Wednesday, December 22, 2010
I recall a passage from the Journals of John Cheever that speaks to my current condition. It goes something like this I'm sitting in a yellow chair smoking three or four cigarettes. I don't smoke, but the vague agitation of Cheever's entry, the restless paralysis, rings true for me. There is plenty to do: pack for holiday travel to the in-laws, clean the house, meet my son for lunch-- all these tasks and more line up like gates, the passage through which would convey an imprimatur of normalcy. And yet I do nothing. Maybe I'll take up smoking.
Monday, December 13, 2010
Yesterday we were caught behind a red-rust colored Camino, the rear of which was covered with celebratory messages of bloody salvation. Covered in the Blood of the Lamb read one such bumper sticker; Blood red is the color of Redemption read another. Ice and snow obscured the complete text of several other stickers, yet I was able to see that blood figured into the narrative of each one.
Today, while browsing the shelves at the library, I saw two middle age men hovering round a computer, discussing quietly to themselves the message on the screen. Eaves-dropping, I was able to pick up the disappointed tenor of their conversation. It seems that the web-site they were considering proclaimed the body count of the pending Biblical Apocalypse has been over-estimated. These two were discussing the relevance of Biblical citations to projected fatalities, and I thought I saw one of them doing a summary tally on his fingers as if to recheck figures against his shattered expectations.
Imagine the poor guy who owns the Camino; he may have to downshift the tone of his bumper stickers to something less ghastly, and seek a message of life rather than one of death from his chosen tradition.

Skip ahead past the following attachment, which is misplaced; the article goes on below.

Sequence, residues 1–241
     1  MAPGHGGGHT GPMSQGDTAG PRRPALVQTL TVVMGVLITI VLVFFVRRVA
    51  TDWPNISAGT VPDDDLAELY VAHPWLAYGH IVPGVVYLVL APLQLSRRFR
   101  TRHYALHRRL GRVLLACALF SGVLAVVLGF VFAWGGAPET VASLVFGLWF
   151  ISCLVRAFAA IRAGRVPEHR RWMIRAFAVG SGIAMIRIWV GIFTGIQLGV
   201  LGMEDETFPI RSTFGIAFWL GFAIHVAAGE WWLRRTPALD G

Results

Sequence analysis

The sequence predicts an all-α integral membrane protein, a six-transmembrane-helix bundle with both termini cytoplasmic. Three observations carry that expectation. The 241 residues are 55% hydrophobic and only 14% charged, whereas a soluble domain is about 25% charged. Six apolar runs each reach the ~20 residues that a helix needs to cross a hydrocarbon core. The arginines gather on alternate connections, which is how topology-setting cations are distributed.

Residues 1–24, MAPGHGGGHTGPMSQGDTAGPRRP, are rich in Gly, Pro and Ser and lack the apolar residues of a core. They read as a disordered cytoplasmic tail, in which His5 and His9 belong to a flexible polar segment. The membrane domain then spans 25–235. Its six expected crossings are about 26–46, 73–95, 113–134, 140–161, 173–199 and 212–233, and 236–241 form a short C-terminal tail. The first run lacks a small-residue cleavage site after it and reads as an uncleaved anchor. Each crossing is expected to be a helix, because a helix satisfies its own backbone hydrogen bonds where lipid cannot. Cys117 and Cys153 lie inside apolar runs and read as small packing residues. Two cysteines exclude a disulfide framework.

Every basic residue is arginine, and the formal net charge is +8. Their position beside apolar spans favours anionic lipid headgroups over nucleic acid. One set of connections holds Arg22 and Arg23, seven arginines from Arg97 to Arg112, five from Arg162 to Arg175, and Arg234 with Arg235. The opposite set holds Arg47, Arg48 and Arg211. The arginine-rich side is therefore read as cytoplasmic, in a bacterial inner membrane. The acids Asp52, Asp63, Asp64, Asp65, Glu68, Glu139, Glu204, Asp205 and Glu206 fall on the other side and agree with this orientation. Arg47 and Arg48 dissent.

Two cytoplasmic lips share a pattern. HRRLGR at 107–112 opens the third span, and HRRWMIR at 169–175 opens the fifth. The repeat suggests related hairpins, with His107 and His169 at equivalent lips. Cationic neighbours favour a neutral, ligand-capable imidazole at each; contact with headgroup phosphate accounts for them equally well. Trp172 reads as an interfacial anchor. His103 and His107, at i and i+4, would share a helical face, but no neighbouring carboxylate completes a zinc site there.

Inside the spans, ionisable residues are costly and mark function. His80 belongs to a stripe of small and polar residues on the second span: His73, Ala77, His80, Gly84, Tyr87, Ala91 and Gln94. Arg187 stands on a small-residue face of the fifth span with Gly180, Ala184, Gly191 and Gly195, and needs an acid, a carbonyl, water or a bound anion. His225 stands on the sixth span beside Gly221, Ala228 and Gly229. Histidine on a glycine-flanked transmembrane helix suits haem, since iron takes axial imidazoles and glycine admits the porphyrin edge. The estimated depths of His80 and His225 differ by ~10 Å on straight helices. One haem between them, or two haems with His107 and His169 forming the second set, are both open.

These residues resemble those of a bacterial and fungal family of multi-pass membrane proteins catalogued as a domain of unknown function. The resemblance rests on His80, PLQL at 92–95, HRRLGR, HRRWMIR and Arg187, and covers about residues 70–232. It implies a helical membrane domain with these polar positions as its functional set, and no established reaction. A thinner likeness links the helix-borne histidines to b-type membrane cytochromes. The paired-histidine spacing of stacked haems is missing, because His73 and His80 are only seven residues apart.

That such alternative messages are inherent in Christianity is, of course, available. My seminarian wife tells me that up until the 10th or 11th Century, life affirming images of Jesus were more representational of the faith. These images depicted fountains and rivers as representational of what IT was all about. Of course, the ascension of the cross as the dominant symbol of Christianity began with Constantine and gathered momentum with the "conversion at the point of the sword" theology of Rome. In our day and age such gore becomes the fodder for Mel Gibson's The Passion of the Christ, the violence therein pornographic in its appeal.
I offer these observations not to create controversy and not as a believer, but to offer a reminder that, starting next week, more light will be coming into the world, the days reaching however feebly at first toward Spring. And that process, that hope, is more easily glimpsed when we wipe the blood from our eyes.
Thursday, December 9, 2010
It's everywhere these days. Purchase a cup of coffee, a magazine, an automobile and be assured that a portion of the profits thereof are put toward a market based world of salads and sun. As a way to assuage the guilt of consumerism these gestures provide point of purchase forgiveness for exploitation, obscene profits, environmental degradation and a host of neoliberal terrors. Given the psychological reach of such efforts, it's a wonder that a medium cup of dark roast has room for cream!